4. Roman Catholics do not hold to the same trinity as Orthodox (The Holy Spirit proceeds from The Father and the Son), thus their baptism is not trinitarian.

    Should not they be received by Baptism?

    1. I would say that they are indeed trinitarian, and that in the past no one in the eastern church suggested that the disagreement about the filioque meant that those in the western church holding to the filioque had a defective baptism. The filioque was regarded as an error, but not one so fundamental as to negate their baptismal status.

  5. By Anglicanism do you mean Episcopalian? The Anglicans in New Zealand are not exactly what you describe ,though female clergy and bishops are found I don,t think homosexual weddings occur in churches.I only speak from personal experience of course.
    Odd feminists occur and give an impression which is bad but they are getting old now.

    1. Yes, by “Anglican” I did mean “Episcopalian” and was speaking from within a North American/ English setting. I understand that the Anglican bishops in Africa are much more conservative than their North American/ English counterparts.

  6. As an Anglican from South Africa, I can understand how ecumenism with the Anglican Church can be seen as fruitless by an Orthodox Christian. Our parish is traditional and we do have some Greek Orthodox Christians who tend to visit us now and then. At our last women’s meeting we had a speaker from the Greek Orthodox Church to teach us about icons. He expressed his pleasant surprise that none of what he said sounded foreign to us…just like nothing on this site ever sounds foreign to me or most Anglo Catholics. Maybe the only solution is for those Anglican bodies desiring communion with the EO to present themselves on an individual basis. I pray this happens…..cultivating such relations could save the Anglican Communion from what seems to be certain death.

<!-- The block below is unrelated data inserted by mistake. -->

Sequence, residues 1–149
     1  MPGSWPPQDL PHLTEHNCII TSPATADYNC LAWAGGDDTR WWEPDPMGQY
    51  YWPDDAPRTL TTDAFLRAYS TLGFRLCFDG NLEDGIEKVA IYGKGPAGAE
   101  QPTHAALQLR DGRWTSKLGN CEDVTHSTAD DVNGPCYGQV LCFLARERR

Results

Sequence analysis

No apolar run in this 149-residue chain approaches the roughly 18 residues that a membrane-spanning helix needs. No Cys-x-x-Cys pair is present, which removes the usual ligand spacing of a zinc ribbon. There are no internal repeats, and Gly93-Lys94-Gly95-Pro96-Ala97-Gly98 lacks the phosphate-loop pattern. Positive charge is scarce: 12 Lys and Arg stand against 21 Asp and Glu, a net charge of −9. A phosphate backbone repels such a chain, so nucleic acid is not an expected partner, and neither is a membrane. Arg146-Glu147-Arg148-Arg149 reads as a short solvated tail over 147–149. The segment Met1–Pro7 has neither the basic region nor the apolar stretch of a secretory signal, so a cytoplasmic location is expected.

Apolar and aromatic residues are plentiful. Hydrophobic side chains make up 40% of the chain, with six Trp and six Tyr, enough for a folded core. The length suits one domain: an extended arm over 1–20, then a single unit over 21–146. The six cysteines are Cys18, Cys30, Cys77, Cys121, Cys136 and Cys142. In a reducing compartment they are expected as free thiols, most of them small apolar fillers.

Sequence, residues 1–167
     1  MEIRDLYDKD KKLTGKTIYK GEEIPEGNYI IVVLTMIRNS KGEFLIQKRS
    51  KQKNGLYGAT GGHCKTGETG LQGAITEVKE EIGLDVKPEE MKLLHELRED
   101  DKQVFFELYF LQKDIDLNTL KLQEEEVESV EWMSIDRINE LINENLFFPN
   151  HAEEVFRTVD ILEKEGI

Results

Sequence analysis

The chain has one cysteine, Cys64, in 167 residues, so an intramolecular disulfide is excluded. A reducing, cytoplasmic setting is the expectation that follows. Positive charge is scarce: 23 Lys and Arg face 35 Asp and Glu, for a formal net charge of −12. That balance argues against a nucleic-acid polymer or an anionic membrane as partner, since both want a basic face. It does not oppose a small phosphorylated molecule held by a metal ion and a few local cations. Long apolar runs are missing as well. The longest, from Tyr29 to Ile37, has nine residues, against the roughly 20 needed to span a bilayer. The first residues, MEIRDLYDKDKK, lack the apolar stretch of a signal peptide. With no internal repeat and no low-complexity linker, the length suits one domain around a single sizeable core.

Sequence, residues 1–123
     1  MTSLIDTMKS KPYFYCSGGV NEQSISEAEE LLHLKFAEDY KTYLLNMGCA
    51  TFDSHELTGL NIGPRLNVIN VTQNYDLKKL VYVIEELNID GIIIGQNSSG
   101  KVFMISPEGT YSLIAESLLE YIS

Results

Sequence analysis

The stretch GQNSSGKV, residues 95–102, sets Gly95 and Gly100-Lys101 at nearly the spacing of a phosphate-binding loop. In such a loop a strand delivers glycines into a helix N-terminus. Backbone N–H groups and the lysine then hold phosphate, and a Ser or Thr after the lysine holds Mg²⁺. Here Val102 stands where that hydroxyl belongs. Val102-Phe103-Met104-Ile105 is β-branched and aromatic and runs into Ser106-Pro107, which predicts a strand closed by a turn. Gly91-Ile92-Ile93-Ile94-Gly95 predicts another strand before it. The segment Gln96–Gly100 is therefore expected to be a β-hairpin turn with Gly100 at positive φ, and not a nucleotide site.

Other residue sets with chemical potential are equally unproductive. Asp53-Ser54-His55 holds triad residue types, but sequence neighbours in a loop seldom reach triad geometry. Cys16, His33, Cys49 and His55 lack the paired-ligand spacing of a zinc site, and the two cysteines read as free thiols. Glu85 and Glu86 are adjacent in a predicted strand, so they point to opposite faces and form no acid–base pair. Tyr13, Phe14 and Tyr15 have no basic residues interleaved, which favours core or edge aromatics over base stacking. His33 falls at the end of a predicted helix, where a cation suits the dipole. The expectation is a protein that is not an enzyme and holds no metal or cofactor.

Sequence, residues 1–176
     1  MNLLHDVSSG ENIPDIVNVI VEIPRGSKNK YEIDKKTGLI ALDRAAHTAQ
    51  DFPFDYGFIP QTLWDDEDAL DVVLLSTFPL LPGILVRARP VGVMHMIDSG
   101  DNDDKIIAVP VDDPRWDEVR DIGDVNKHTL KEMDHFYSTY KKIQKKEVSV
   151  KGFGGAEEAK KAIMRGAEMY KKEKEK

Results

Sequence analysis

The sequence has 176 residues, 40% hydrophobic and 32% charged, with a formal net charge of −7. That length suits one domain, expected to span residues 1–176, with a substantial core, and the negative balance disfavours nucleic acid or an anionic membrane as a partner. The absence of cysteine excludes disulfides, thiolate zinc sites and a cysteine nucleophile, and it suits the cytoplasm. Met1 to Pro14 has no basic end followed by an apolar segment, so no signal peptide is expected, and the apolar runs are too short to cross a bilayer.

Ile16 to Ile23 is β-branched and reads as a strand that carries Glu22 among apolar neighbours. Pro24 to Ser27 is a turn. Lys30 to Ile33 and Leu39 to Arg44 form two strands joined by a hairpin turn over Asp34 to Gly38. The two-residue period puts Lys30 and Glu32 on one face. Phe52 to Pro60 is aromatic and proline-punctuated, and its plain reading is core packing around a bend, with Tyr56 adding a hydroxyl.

1. I am given to understand that Anglicanism in Africa and Asia is a different reality than Anglicanism in England and North America. Also, some more theologically conservative Anglicans have already separated themselves from their liberal colleagues, essentially forming another denomination (e.g. the so-called “Anglican Network”). The baptism of these conservative denominations might not be subject to the greater rigour with which we would regard the baptisms of (for example) the more liberal Episcopal Church of the USA. It is these continually shifting changes in Protestantism that make ecumenical engagement so difficult. We Orthodox are sometimes never sure who we are speaking to.